2
$\begingroup$

I have in mind a world where a small colony of humans are isolated within a cylindrical force field in a desolate land of clay. With no tools their only option is to dig and, upon finding food (presumably some sort of dry desert tuber), they keep digging.

I would like this to go on for some generations, as the lack of ability to make permanent structures due to clay being their only building material (with limited rainfall), presents a lack of permanency that would result in these people losing any notion of culture or ambition, only the 'tradition' of digging. An interesting place to start with a protagonist that potentially finds a way out of the field.

This obviously puts constraints on how small this colony could be and thus cylindrical field must be - but the big constraint is what they can do with their waste clay as they dig, as well as their own waste.

My idea is that the walls of the force field could violently react with mass that touches it, sublimating it, with the mass being carried away as gas. The reaction could also provide a light source for the colonies when they are deep into the earth too.

My question is is this a feasible process? Is there a better way a colony could dispose of waste in this isolated system? And also is the current solution too deus ex machina?

$\endgroup$
  • 2
    $\begingroup$ Sounds to me like they would just throw it at the force field ... $\endgroup$ – AndreiROM May 31 '16 at 13:30
  • $\begingroup$ That's the idea I'm presenting, my question is more about feasability, and whether there's a less 'convenient' solution. Thanks. $\endgroup$ – Robin May 31 '16 at 13:40
  • $\begingroup$ What do you mean by feasibility? You're presenting the character's situation as fact: they live inside a cylindrical force field which they can't touch because it vaporizes anything that comes into contact with it. If I were you I'd be less concerned with waster disposal than more practical matters such as how will these people make tools for digging, or get anywhere near the sort of variation in their diets needed to survive. Also, you seem to be envisioning them digging their way deep into the earth, but realize that unless the diameter is very small that won't happen. $\endgroup$ – AndreiROM May 31 '16 at 13:59
  • $\begingroup$ Welcome to the site Robin. If you have questions about the site check out the help center and feel free to visit Worldbuilding Chat $\endgroup$ – James May 31 '16 at 13:59
  • 1
    $\begingroup$ That kind of force field would also be a very effective "unwanted people" disposal system... $\endgroup$ – Cyrus May 31 '16 at 14:40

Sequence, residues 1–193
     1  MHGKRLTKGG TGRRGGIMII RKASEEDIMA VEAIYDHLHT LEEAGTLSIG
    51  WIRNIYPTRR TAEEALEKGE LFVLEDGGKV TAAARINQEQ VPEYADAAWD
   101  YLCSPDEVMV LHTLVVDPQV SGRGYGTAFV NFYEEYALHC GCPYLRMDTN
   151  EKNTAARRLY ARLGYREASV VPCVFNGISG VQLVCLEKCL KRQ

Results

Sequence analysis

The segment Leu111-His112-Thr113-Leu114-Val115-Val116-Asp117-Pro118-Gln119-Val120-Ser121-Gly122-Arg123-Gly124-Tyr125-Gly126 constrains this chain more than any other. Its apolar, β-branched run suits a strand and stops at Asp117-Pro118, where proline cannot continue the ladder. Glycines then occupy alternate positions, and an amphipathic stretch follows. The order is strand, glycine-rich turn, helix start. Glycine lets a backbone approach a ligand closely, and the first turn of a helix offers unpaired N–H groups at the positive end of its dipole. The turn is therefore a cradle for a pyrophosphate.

7
$\begingroup$

Well, lets start with some clarification...first, in a completely closed system by definition you can't gain or lose whatever it is that is in the system.

While waste disposal is one issue in your system I can think of a few others that may be even more concerning.

  1. You need a minimum viable population. Check out this question and its answers for more details on that. Minimum viable population

If the place is as resource poor as you mention you are going to need a massive space to support that many people, particularly if they are required to forage for their food. There would have to be enough space that they could nomadically roam around giving the plants time to regrow...otherwise they eat them all then all starve to death when they eat them to extinction.

  1. Diet and nutrition are going to be a problem.

If the only thing available are these tubers you mention your humans aren't going to last very long. We are omnivores for a reason, our bodies are so complex they require many many different nutrients...tubers aren't going to cut it long term...your child mortality rates are going to be really really bad and many mothers probably die as well...in short, you likely run out of humans after a generation.

  1. If you do burn up your waste material in this force field...

Its still going to be inside the force field...which means in the air the people are breathing...which likely leads to all kinds of illness.

  1. Clay is a pretty decent building material, particularly when it doesn't rain all that much. They could definitely build shelters.

  2. Several generations of people digging in clay is a whole lot of clay...it seems implausible that they wouldn't run into anything else...you put enough pressure on something (I.e. the weight of the clay above it) it is going to change states.

$\endgroup$

Your Answer

By clicking “Post Your Answer”, you agree to our terms of service, privacy policy and cookie policy

Not the answer you're looking for? Browse other questions tagged or ask your own question.